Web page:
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Is the Cry-It-Out Method Detrimental to Babies?

CryingChild_400How to handle a baby’s night cries is a hotly debated issue. Some say that letting a baby cry at night helps him learn how to self-soothe, but a new study shows otherwise. From The Secret Life of Sleep.

One of the trickiest things about the contemporary expectation that children sleep through the night is that it involves a lengthy separation— some would say an abandonment—which triggers alarm for both parent and child. A baby’s cries are so painful to hear, most caretakers cannot help but respond by soothing the child. Comforting responses release opioids in the bodies of both parties, turning off their panic systems, and restoring the bond between them.

When comfort is not forthcoming, both lose out on nature’s analgesic, and the stress of their discomfort intensifies until something shuts it down. In the best scenario, each is able to mobilize his or her capacity for self-soothing and calm down. At worst, they give up, go numb, and fall back asleep. In 2012, professor Wendy Middlemiss and her colleagues at the University of North Texas discovered something remarkable in their study of mother-infant interactions: when a baby left to cry finally calmed down, the mother’s stress (as measured by her level of the stress hormone, cortisol) dropped immediately; however, the infant’s cortisol level remained high for hours afterwards. It was a small study, but if further research confirms the results, then it would be safe to suggest that the quiet that follows an infant’s unattended separation cries is not so much a sign of successful self-soothing as one of despair.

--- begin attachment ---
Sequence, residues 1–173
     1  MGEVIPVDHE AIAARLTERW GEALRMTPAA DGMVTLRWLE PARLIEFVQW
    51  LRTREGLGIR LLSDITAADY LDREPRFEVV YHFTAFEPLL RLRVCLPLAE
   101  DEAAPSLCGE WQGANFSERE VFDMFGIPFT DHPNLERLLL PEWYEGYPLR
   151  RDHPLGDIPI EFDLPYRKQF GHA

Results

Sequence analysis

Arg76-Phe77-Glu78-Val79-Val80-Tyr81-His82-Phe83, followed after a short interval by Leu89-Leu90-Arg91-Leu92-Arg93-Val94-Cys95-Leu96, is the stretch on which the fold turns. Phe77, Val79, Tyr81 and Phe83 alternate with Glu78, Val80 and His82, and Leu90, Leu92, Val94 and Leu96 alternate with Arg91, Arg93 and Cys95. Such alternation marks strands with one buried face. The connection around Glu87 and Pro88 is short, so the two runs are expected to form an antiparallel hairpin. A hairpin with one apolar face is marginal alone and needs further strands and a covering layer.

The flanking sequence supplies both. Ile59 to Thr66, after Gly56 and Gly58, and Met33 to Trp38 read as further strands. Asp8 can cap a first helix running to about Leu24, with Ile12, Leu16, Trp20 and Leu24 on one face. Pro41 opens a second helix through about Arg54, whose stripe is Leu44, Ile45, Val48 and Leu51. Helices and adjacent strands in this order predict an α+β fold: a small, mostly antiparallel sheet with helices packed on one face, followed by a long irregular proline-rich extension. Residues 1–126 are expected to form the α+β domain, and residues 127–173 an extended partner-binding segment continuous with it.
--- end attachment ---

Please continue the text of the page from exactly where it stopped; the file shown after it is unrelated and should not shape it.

At present, despite pediatric support for independent sleep and formal sleep-training in the United Kingdom, the United States, Canada, and Germany, it appears that the majority of parents in these countries sleep with or near their infants at least part of the time.

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